Change! It’s the buzzword of the season.
Suddenly, everyone who’s running for president is for “change.” John Edwards has been talking about it for months. Then Barack Obama began his surge. My Illinois senator did well in Iowa. And he had picked up a huge amount of buzz and momentum by the eve of the first primary in New Hampshire. Even Hillary Clinton has picked up the "change" mantle. Invoking it to death in last Saturday night's debate. And before she (barely) won the New Hampshire primary. The message that got across was clear and decisive. People are sick to death of the status quo; they want “change.” Even in Iowa. Even the Republicans are talking the “change” talk — if not walking the walk.
What exactly does that mean: “change?” Each presidential candidate will have to (sooner or later) define that term for the voters. Because it is a relative term that can mean many different things to many different people.
Change can be virtually invisible or it can be epic. The changes that George Bush effected were remarkable for their breadth – certainly in terms of the Constitution (separation of powers and due process—to name only two areas). He made those changes by fiat and (when legislation was required) by instilling fear both in the American public and an acquiescent Congress, terrified of being labeled either unpatriotic or unconcerned with security. So not all change is good, and lot of one’s perspective depends upon what side of the issue you happen to be.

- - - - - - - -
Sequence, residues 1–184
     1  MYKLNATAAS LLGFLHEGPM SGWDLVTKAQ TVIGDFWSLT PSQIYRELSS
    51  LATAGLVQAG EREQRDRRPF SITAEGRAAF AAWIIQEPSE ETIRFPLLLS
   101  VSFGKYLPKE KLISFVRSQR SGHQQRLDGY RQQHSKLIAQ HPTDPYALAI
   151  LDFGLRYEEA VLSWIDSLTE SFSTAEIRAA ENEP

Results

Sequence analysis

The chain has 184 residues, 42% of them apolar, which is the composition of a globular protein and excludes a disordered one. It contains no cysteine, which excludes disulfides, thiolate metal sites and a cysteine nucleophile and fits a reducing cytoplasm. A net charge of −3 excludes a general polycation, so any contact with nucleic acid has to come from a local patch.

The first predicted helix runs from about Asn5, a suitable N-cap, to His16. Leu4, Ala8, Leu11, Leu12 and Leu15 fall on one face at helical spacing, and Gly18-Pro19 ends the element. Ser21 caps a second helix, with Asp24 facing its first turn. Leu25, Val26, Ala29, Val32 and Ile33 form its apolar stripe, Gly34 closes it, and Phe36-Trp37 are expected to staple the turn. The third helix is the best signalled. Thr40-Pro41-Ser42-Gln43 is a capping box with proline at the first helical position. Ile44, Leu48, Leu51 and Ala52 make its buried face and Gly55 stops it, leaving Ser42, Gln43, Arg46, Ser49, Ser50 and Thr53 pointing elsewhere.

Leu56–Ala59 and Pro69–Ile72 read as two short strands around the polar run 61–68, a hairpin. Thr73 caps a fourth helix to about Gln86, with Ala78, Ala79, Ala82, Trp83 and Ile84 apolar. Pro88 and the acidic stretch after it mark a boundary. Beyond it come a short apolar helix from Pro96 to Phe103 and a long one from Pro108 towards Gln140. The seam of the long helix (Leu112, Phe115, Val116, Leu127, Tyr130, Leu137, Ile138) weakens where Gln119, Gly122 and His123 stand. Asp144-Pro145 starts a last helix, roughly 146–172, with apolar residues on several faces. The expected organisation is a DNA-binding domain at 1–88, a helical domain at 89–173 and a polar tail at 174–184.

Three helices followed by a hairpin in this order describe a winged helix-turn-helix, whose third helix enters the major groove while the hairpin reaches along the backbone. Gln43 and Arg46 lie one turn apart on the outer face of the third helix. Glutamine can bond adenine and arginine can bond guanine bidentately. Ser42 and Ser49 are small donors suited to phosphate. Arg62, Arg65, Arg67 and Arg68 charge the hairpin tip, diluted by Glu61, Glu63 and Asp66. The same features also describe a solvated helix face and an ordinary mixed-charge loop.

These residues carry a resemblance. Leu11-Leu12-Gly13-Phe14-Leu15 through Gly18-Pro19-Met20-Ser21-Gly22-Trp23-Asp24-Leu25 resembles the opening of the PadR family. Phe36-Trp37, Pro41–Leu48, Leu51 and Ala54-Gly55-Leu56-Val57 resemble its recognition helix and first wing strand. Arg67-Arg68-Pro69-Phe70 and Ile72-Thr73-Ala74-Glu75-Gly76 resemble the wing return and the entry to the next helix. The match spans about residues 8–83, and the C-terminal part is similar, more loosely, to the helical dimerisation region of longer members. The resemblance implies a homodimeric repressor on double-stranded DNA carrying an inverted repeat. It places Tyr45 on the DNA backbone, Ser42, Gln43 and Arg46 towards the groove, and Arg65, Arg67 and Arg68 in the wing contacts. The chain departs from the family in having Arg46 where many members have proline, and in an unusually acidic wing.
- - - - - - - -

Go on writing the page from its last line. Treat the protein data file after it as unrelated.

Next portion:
Historically, policy change has mostly occurred incrementally. A compromise here; a deal there; change is made; change retreats. It is the way of our republic. Politicians, interested in protecting their electability tend to be allergic to boldness. Self-interest often outweighs public interest and even the most well-intentioned politicians are, after all, politicians in the business of getting re-elected. As such they are often too eager to trade one vote for another compromise on one issue to gain on another. Mavericks who put principle before self-interest exist in Washington, but tend to be a rare breed: Russ Feingold, the late Paul Wellstone. And often enough, that has been adequate. Like I said: incremental change. Over time, over years, over sessions in Congress, over decades.